Using the 2010 U.S. Census as a jumping-off point, this series of stories examined what the numbers show.
• Building on the Past for a Bright Future
In an examination of the future of Lexington’s downtown and its architecture, the team focused on the future of the R.E. Lee Hotel.
• Helping Heroes Heal
The VA Medical Center in Salem is the focal point of this series.
There's an App for W&L
Jeff Knudson, senior technology architect in Washington and Lee’s Information Technology Services, has just built a new W&L-specific application for the iPhone and iPad, and the University’s redesigned Spring Term gets an assist.
Jeff built the app while auditing the spring term course taught by Simon Levy, associate professor of computer science, in which students learned how to create their own iPhone apps.
The application that Jeff created allows users to look up directory information and also to see current news and calendar information. Here is the full description of the app:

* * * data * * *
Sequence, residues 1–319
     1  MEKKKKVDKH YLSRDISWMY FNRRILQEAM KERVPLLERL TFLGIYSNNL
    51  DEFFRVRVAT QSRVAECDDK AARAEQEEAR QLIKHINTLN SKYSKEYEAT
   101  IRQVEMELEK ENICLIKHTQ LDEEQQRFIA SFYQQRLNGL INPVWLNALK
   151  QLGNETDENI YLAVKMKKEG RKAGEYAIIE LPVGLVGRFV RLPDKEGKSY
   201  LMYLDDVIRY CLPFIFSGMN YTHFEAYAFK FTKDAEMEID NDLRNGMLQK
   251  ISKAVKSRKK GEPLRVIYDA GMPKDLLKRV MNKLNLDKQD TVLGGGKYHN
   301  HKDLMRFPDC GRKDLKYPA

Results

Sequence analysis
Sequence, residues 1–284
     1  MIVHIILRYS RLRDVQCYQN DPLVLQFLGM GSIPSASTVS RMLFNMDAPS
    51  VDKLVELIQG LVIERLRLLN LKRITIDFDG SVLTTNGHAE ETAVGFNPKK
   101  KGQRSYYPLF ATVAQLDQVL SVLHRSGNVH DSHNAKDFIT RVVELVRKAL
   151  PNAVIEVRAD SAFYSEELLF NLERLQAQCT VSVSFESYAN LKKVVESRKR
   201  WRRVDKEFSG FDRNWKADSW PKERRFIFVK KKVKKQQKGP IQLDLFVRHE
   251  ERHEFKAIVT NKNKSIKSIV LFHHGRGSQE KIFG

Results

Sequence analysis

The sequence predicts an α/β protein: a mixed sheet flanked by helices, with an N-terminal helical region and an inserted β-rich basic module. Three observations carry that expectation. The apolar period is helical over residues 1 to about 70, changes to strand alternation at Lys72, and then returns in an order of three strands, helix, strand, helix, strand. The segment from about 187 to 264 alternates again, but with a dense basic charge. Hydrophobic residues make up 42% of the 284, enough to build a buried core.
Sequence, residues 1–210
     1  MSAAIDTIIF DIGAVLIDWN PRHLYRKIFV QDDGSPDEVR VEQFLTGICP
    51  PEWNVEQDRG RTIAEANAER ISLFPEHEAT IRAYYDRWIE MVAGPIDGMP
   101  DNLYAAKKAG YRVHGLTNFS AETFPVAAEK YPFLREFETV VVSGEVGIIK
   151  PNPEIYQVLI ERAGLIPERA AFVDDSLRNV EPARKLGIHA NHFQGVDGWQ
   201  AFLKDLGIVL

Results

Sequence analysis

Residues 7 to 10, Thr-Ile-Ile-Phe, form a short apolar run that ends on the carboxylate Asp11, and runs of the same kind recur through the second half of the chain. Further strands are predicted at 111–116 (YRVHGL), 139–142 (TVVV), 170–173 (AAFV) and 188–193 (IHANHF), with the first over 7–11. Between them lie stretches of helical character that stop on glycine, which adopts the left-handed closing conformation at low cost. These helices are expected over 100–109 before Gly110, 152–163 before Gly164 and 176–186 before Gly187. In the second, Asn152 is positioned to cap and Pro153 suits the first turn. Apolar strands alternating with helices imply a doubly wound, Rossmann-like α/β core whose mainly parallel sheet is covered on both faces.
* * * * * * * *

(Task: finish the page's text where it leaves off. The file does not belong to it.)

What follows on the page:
- Find People directory search: Provides the ability to do online searches for W&L faculty, staff and students in the online web directory.
- Employees by Name: Provides the ability to look up details on W&L faculty and staff, sorted by name.
- Employees by Department: Provides the ability to look up details on W&L faculty and staff, sorted by department.
- Emergency Numbers: Provides the current emergency contact numbers.
- Quick Reference Numbers: Provides departmental contact numbers.
- University News: Provides access to the University home page’s news RSS feed and the ability to browse the news stories.
- University Events: Provides access to the University home page’s campus events RSS feed and the ability to browse the event details.
- Provides access only to the search, news and events if network access is available.